Want to run 64-bit Internet Explorer on Windows 8's desktop? Here is how

Martin Brinkmann
Aug 24, 2012
Updated • Aug 24, 2012
Internet Explorer

If you are running a 64-bit version of Windows 8 you have got access to 32-bit and 64-bit versions of Internet Explorer 10 on the system. The 64-bit version of Internet Explorer 10 is automatically started on the Modern user interface part of the operating system. On the desktop that is different as it is not run in a full 64-bit version.

The main reason behind the decision is compatibility with plugins. It is not an issue for the Modern UI version of the browser as it is not supporting plugins. You will notice however that both the Modern UI version and the traditional desktop version of Internet Explorer 10 ship with Adobe Flash built natively into the browser.

The guys over at Neowin contacted Microsoft to find out if there is a way to run the 64-bit version of Internet Explorer 10 on the desktop. According to their information, it is possible but requires a configuration change in the Internet Options.

On 64-bit Windows 8, the browser frame process (both “modern UI” and Desktop) runs 64-bit. However, for compatibility with plug-ins, IE 10 on the desktop runs 32-bit tabs by default. If the user turns on “Enhanced Protected Mode” in Internet Options, Advanced; they will have 64-bit tabs by default for IE 10 on the Desktop.

Here is how you turn on Enhanced Protected Mode in Internet Explorer 10:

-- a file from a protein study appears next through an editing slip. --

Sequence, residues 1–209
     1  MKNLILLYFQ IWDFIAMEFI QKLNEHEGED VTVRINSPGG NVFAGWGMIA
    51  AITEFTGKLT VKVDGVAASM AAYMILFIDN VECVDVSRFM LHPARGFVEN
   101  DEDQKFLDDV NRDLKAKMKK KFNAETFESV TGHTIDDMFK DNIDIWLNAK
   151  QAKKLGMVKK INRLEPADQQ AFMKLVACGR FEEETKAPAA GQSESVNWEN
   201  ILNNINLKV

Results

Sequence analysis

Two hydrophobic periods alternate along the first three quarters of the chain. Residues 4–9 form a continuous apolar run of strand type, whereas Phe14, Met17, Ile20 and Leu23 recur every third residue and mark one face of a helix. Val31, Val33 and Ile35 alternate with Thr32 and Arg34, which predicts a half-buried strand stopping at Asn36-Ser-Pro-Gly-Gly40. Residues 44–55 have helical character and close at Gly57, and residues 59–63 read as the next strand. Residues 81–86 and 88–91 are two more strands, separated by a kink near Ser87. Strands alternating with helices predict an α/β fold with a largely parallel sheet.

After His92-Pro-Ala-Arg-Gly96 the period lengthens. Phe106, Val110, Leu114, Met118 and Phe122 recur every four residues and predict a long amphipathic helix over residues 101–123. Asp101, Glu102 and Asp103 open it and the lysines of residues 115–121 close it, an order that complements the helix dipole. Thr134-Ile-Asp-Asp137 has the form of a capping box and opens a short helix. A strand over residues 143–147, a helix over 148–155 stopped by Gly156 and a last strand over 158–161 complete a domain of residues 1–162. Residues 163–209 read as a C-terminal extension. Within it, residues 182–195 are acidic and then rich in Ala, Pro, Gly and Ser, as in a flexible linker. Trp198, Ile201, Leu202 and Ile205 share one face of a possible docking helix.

• Open the desktop version of Internet Explorer and click on the settings icon on the top right of the browser window just below the close button and select Internet Options from the menu
  • You can alternative press Windows, enter Internet Options, switch to Settings on the right to select the configuration menu this way
  • Switch to Advanced in the Internet Options
  • Scroll down until you find the entry enable Enhanced Protected Mode*
  • Check the preference, click ok and restart your computer afterwards

Once you have restarted your computer you can run the 64-bit version of the browser on the desktop. Keep in mind that it may break some plugins that you have installed in the web browser.


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  1. jacob said on February 27, 2013 at 11:47 am

    it didnt work

  2. ilev said on August 24, 2012 at 8:11 am


    Ghacks in not the only one to receive a DMAC notice from Microsoft :

    Microsoft censors site criticizing Windows 8 tile UI

    Something’s fishy here. A message board thread where developers unanimously criticized the Windows 8 tile interface has been delisted from Google, thanks to a Digital Millenium Copyright Act (DMCA) takedown order issued by none other than Microsoft itself.

    The board is dedicated to ConeXware’s Power Archiver compression toolkit, and the thread in question began on August first, when Windows 8 was released to manufacturing. The post announcing the RTM was then followed by a handful of comments from different users and developers who panned the Windows 8 interface….



    1. Martin Brinkmann said on August 24, 2012 at 8:59 am

      Thanks for bringing this to my attention. I’m still guessing that this is an automation gone wrong kind of scenario which is bad enough.

    2. ilev said on August 24, 2012 at 8:16 am

      DMCA ….

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